A priest from Warangal diocese:

“I read your ‘personal report’ in which you explain your decision. I have gone through it. It was something like a pilgrimage through your world vision. May God be praised. As one of your former students I express my solidarity and concern for you. You brought to Andhra a new Vêda, and washed away her stain of ignorance by proclaiming from the housetops the divinity of man. Thanks Father for Amruthavani, Jeevana Jyoti and Jyotirmai, and above all thank you for all that you have been to St. John’s Regional Seminary. May you be happy. May you be healthy. May you enjoy freshness of life in years to come.”

Another priest from Hyderabad:

“I sympathise with you. But ever since hearing of your decision I have been wondering if you would not have served your cause better by not resigning from the priestly ministry. In my opinion the ‘Motu Proprio’ of JP II was not an infallible pronouncement of the Holy See. By allowing the authorities to take disciplinary action on you, you would have developed a public controversy whereby the whole principle itself would have become a point of public debate. It would also have created an occasion for you to expose your views on restrictions put on the priesthood. Is it not better to be made a victim for a cause?”

Another former student of mine in Nalgonda:

“I appreciate you very much for the integrity and conscientious behaviour you kept up all through your life both in word and in deed. Whatever you said or did, you did with a personal conviction formed after enlightened knowledge and faith. I, and for that matter many of my colleagues, consider you as a visionary, a prophet much ahead of our times. You also work for it vehemently without compromises. At times living in our own small world, we failed to understand the inner promptings of the Spirit through you. Now with this new European situation, which is soon going to be ours too, we see you as a champion of women’s rights, a prophet who pleads for God’s ways and stands on their side. Lost in our own local issues, we have not put much attention into the issues you raise. These are issues which will be accepted in the course of time in the catholic church too. The courage with which you take a stand is really praise worthy and reveals the depth of your faith conviction. I continue to have a great respect for you and keep a high regard for your theological and faith formation work. I assure you of my prayers and convey you the assurance of many of the colleagues here.”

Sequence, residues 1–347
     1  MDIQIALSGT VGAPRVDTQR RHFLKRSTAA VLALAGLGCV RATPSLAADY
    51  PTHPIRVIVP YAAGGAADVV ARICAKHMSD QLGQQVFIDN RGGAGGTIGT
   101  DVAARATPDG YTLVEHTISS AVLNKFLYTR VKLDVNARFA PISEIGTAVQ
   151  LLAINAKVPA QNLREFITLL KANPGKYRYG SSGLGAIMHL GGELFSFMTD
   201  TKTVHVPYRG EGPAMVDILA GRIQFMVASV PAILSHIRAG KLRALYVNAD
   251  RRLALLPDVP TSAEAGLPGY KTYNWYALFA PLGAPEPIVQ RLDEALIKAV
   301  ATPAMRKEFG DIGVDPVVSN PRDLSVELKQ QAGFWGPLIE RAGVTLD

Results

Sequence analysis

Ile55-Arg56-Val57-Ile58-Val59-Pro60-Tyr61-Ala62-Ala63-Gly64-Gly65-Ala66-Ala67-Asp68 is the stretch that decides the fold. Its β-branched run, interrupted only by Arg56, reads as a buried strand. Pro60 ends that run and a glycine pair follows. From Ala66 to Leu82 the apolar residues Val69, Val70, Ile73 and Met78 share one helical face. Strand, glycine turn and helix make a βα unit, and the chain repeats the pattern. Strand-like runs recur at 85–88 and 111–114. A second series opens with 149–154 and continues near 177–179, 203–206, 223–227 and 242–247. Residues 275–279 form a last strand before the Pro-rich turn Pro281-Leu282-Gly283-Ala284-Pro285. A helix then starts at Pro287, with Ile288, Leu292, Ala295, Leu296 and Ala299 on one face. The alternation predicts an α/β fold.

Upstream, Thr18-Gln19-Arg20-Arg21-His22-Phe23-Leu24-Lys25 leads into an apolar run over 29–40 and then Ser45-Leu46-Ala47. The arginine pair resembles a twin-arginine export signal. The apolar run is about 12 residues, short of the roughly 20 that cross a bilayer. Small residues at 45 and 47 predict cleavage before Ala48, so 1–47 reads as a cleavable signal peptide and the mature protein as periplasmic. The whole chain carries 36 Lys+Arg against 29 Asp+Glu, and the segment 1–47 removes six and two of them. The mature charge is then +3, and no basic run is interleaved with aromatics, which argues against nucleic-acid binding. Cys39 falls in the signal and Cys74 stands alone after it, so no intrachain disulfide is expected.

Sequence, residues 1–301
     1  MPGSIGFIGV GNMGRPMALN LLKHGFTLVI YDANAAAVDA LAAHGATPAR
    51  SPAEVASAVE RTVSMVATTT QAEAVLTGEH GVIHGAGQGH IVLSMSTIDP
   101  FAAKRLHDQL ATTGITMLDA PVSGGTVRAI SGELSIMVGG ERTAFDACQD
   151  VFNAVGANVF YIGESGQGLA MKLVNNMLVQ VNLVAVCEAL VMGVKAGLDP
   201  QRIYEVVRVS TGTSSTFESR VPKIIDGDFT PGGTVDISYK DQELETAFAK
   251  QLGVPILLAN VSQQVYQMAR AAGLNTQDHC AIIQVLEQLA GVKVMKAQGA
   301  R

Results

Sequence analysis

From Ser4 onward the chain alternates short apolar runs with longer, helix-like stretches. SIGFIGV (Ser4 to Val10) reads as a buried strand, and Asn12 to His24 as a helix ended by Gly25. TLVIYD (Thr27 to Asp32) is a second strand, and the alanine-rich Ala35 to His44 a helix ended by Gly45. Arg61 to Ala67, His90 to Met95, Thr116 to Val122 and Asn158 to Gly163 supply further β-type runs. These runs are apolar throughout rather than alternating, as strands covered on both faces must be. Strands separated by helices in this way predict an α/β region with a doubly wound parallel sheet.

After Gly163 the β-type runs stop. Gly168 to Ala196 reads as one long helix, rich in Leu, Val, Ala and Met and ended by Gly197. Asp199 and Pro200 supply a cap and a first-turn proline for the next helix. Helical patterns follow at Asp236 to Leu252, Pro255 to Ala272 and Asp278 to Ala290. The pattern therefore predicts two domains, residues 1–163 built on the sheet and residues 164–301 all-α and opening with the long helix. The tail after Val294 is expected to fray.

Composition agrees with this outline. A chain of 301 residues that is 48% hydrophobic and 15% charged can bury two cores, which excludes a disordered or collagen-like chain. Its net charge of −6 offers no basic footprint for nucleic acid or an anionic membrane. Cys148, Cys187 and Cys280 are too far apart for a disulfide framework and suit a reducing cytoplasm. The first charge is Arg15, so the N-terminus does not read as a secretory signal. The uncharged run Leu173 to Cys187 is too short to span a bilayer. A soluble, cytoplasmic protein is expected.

Finally, the message from a theologian in Kerala whom I had already got to know when we were both studying in Rome:

“Fr. Wijngaards, Friend of India, Resigns from Priesthood” says a headline in Indian Currents of November 1, 1998. Ever since that headline struck my eyes, my mind was constantly with you, talking with you, discussing with you, sharing with you, keeping you company, worried about your loneliness.
If you ask me ‘why?’ I have to say: ‘I don’t know’. You have been to me an alter Ego, even though separated for long and not having the opportunity to work together for some common ideals, like two meteors thrown up in the sky by some unseen bad unsuspected hand, to meet and part, to shine and disappear, all in the flickering of a second. Why? Nothing is an accident in the dance of events for any honest believer. So too our meeting was not an accident, nor was our parting. Deus ludit in orbe terrarum.  How does it feel to be bombarded with God’s graces?  And how does it feel to be bombarded with bullets?”

All these messages from India moved me deeply. They also confirmed my assessment that most were sufficiently grounded in their own faith and understanding of the Church not to be negatively affected by my resignation.